Another unwelcome surprise was received courtesy of the Federal Reserve's industrial production report, which showed output unnoticeably decreased by 0.1 percent in the last month of 2021.

Manufacturers are disappointed even more, with factory production falling 0.4 percent in response to concerns raised by the 0.8 percent growth economists.

"We anticipate a soft headline, because we were less concerned about heating electricity, and natural gas extraction has dropped by 7.9%," says Ian Shepherdson, the CEO of Pantheon Macroeconomics. "The softness in manufacturing is disappointing, and it can't all be blamed on the ongoing supply problems in the automotive industry, where production has decreased by 1.3 percent.

Capacity utilization zagged as it was expected to zig, lowering nominally to 76.5% instead of increasing to 77%.

In the same vein, capacity usage, coupled with a measure of economic slack, remains substantially above what it was just before a global health catastrophe hit the market.

The Fed's report is a powerful reminder of the fragileness of the global supply chain, which has continued to fall apart due to a surge in demand, limited materials, and a lack of workers.

In a more ancient report, the value of goods in the store rooms of local businesses in the United States increased by 1.3% in November, bucking the trend by hitting the bulls eye.

The Commerce Department's data proves to be helpful in accelerating economic growth in the fourth quarter, implying that private inventories' contribution may stay out of the negative column, where it sat in the first half of 2021.

In morning trading, data wolves, along with a mixed set of big bank earnings from JPMorgan Chase, Citigroup, and Wells Fargo make investors a sell-off.

All three important stock indexes in the United States were red, with cyclicals and economically sensitive transports down the most.

(Stephen Culp)



JPMorgan's 4.8 percent drop, while Citigroup's stock market falls 2.4% as some of the largest banks in the United States close the week on Friday.

The S&P 500 bank index was last trading down 2.0 percent on the day after hitting an intraday high in the previous day's session. It ended up up Thursday 10.4% so far for 2022, following a 32.3% increase.

Despite JPMorgan - the largest US bank that is a barometer of the economy's health - beat Wall Street's expectations even as it reported a 14% profit decline due to a slowdown in trading which offset a stellar performance in investment banking.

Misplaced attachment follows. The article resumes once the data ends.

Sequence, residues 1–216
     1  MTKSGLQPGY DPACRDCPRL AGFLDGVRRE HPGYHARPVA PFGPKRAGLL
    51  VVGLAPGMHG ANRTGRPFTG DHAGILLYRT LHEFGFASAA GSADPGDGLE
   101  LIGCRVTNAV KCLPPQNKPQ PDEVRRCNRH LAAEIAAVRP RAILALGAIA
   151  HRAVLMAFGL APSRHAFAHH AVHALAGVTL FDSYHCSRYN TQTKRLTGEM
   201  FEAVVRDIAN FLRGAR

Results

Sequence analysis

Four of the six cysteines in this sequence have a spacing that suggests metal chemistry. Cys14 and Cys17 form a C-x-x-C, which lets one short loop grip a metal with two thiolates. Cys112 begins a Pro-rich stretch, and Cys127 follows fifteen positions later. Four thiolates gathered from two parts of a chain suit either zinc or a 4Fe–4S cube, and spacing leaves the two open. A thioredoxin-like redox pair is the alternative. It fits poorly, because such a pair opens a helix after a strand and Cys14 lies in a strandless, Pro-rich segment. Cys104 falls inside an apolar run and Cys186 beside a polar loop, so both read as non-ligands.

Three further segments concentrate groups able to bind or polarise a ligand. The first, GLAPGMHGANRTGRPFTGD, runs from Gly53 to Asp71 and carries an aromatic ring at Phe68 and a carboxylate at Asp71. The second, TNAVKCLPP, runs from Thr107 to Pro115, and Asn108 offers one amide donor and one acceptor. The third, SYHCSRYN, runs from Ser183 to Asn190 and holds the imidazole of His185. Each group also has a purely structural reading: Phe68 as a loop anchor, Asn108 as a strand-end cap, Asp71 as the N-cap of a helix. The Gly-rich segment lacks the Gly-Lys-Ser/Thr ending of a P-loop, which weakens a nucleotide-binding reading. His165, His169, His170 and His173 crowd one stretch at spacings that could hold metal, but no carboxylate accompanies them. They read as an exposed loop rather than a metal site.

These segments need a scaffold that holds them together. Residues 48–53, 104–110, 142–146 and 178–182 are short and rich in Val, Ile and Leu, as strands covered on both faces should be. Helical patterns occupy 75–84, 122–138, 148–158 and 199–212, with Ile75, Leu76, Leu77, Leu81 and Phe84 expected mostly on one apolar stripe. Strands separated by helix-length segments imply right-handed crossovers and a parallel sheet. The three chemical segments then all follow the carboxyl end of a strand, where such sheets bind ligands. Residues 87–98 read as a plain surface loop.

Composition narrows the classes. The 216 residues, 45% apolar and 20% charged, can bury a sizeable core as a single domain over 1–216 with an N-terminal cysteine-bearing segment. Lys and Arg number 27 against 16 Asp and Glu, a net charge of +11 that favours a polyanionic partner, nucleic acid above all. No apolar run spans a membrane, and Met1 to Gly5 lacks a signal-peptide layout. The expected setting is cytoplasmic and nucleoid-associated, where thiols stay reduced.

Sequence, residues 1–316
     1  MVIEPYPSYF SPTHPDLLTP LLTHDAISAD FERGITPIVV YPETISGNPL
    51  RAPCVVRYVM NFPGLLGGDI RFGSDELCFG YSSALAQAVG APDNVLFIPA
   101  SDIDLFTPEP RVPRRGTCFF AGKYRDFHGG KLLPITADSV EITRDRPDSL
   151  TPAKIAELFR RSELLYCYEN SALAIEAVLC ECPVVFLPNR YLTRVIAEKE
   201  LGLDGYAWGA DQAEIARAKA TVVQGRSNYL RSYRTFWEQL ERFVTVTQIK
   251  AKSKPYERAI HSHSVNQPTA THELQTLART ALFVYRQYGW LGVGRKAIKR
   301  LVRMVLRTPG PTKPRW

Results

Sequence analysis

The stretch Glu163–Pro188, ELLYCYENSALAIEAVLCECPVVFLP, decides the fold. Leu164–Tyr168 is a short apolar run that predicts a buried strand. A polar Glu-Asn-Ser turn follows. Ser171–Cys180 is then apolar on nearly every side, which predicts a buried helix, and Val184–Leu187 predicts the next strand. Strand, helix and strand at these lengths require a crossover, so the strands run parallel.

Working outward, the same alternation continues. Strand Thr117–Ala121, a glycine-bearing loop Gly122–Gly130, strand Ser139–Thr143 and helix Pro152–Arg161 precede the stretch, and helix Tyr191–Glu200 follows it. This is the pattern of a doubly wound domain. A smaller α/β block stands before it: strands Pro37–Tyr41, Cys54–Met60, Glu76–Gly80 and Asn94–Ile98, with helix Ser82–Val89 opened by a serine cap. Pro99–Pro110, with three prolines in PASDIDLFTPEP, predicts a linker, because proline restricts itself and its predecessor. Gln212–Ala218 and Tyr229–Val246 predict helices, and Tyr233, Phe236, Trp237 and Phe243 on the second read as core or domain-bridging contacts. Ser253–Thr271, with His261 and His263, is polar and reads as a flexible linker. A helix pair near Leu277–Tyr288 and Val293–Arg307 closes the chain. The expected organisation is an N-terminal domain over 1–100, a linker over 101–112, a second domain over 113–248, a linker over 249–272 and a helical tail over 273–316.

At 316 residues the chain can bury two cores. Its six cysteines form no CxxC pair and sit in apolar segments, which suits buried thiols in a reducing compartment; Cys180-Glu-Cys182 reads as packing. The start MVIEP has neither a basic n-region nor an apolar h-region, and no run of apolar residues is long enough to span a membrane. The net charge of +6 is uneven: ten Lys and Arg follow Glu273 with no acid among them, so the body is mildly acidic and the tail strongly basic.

Due to a bumper deal, trade revenue increased by 13% and investment banking revenue increased by 28%.

Erika Najarian, an UBS analyst, wrote in a note ahead of the conference call that JPM's projection for $77 billion in expenses is 6% higher than consensus.

"This does not match the "beat and raise" stereotype investors expect for banks in 2022," said the bank's vice president.

On Friday, Citigroup reported a 26% drop in quarterly earnings, owing to increased costs and weaker consumer banking.

Wells Fargo topped analyst profit predictions in the quarter as a rebound in US economic growth encouraged more customers to take loans and the bank kept a tight lid on costs.

The news also reassured investors about other big banks' reports next week, with Morgan Stanley falling 2.6% and Goldman Sachs falling 2.4%.

(Sinead Carew)



Stock futures on Wall Street traded lower on Friday after retail sales in the United States fell in December instead of remained stable and banking results at the start of earnings seasons failed to provide a motivation for improving risk-off sentiment.

Retail sales fell 1.9 percent in November after a 0.2 percent rise, according to the Commerce Department, while Reuters economists found retail sales in dispersion.

JPMorgan Chase & Co's stock price dropped by 14% due to a slowdown in its trading division. But analysts' estimates are based on exceptional results from its investment banking division.

Citigroup slid as the bank reported a 26% decrease in quarterly earnings, but the firm exceeded market expectations as strong gains in its investment banking business cushioned the blow from higher expenses.

After a greater-than-expected profit in fourth quarter, Wells Fargo & Co sped up in pre-market transactions.

Futures for the Dow Industrials, the S&P 500, and the Nasdaq were all down 0.8 percent prior to the opening bell.

Here's a recap of the market:

(Herbert Lash)